hrough the 1960s and into the
1970s, corporate research labs
were more likely to produce
major laser innovations than academia.
Bell Labs was prominent, but it had no
monopoly. The first laser was born at
Hughes Research Laboratories in Malibu,
Calif., U.S.A. Important laser inventions
also came from other big labs, including
the IBM T.J. Watson Research Center in
Yorktown Heights, N. Y., General Electric
labs in Schenectady and Syracuse, and the
American Optical research laboratory in
Charles Townes and his students tried
making a laser at Columbia University, but
they couldn’t keep up with the industrial
labs in the laser race. Nicolaas Bloembergen
chose not to try to build a laser at Harvard
because he felt he couldn’t compete with industry. “It was too
risky to try with the small group here,” he recalled in 1985.
“What was really needed was a big support organization that
could focus different technologies on a common goal.”
At American universities, Bloembergen explained, research-
ers would plod along with small groups of specialists. Although
Harvard offered scientists the physical space in which to do
research, what they really needed was support staff, techni-
cians, glass blowers, opticians, and so on. “History clearly
shows who developed lasers first,” Bloembergen said.
The looming threat
of World War II
in 1941 helped
to launch what
calls the Age of
Big Science in
Smaller technology companies wanted
their own labs. American Optical, a century-old maker of spectacles, microscopes and
optical instruments, hired Brian O’Brian,
director of the University of Rochester’s Institute of Optics, to found a research division at
its Southbridge, Mass., headquarters in 1953.
O’Brien launched the company into projects
from fiber-optic imaging bundles to a wide-screen movie system.
Defense research became a lucrative busi-
ness for the burgeoning aerospace industry.
Defense contractor Hughes Aircraft formed
Hughes Research Laboratories in 1948.
Initially it operated in old aircraft hang-
ers in Culver City, Calif., but quarters grew
cramped as the company grew beyond 20,000
employees. The company’s eccentric owner,
Howard Hughes, bought a partly complete
building in the Malibu hills with a spectacular view of the
Pacific and renovated it into a showplace laboratory. It wasn’t
the only industrial palace of science. However, soon after it
opened in 1960 it became the birthplace of the laser.
The age of big science
Industrial research began in the 19th century. It was crucial to
the growth of technology companies such as General Electric
and Westinghouse Electric. The 1925 founding of Bell Telephone Laboratories was a landmark, merging the engineering
department of the American Telephone and Telegraph Company with the research labs of its Western Electric subsidiary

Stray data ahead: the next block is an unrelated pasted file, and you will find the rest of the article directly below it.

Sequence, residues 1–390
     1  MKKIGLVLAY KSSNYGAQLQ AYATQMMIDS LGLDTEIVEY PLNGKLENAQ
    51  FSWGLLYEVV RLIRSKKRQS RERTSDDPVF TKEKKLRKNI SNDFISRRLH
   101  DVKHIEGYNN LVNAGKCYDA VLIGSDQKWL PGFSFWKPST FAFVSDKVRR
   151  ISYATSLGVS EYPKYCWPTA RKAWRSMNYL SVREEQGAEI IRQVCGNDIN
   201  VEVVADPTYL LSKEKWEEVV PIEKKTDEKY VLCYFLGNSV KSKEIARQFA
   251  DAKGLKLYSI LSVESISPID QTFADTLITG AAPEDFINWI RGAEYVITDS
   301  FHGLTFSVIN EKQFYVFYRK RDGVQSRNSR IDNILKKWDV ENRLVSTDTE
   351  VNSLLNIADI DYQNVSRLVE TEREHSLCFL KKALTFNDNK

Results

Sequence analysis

into a large separate organization.
The looming threat of World War II in 1941 helped to
launch what Margaret Graham, professor of management at
McGill University, calls the Age of Big Science in industrial
research. RCA formed RCA Laboratories in Princeton to deal
with a surge in defense contracts. From then through the late-
1960s, the government pumped money into industrial labs,
largely for defense but also to build a national research base
so the country wouldn’t need to depend on outside powers.
More industrial labs sprouted in the postwar years. IBM
opened a computing research center at Columbia in 1945,
then moved to a bigger building in Manhattan as its business
expanded from business machines into computers. By the late
1950s, as IBM thrived in the fast-growing computer industry,
it expanded its research group and moved them to the Watson
Bell gets a head start
Townes’s collaboration with Arthur Schawlow gave Bell a head
start on the laser. Townes and Schawlow asked Bell scientists
to critique their paper before submitting it to Physical Review.
Research managers saw the laser as an optical-frequency oscillator that could be modulated for communications. The Bell
System’s long-distance network consisted of chains of microwave relay towers, and the steady growth of telephone traffic
was threatening an overload. Moreover, Bell was working on
a video telephone, called Picturephone, which would multiply
bandwidth needs if it replaced voice traffic.
Lasers were far from the only option. Since 1950, Bell had
been developing millimeter waveguides to carry signals at 40
to 100 GHz, offering dozens of times more bandwidth than
3-GHz microwave towers. Bell was also investigating satellite
communications. But laser frequencies of hundreds of terahertz
promised four orders of magnitude more bandwidth than millimeter waveguides, and AT&T’s virtual telephone monopoly
generated ample money to pursue several types of lasers.
Schawlow studied optical pumping of impurity atoms in
doped transparent crystals. He started with synthetic ruby,
which was already used in microwave masers, but he was
discouraged by the three-level laser transitions of “pink” ruby
and reports of low fluorescence efficiency. Oxford University
physicist John Sanders spent a brief sabbatical trying to make
a helium laser. Willard Boyle, who later invented charge-coupled devices and shared the 2009 Nobel Prize in Physics, worked with Donald Nelson on a semiconductor laser
project. Geoffrey Garrett and Wolfgang Kaiser tried optically
22 | OPN Optics & Photonics News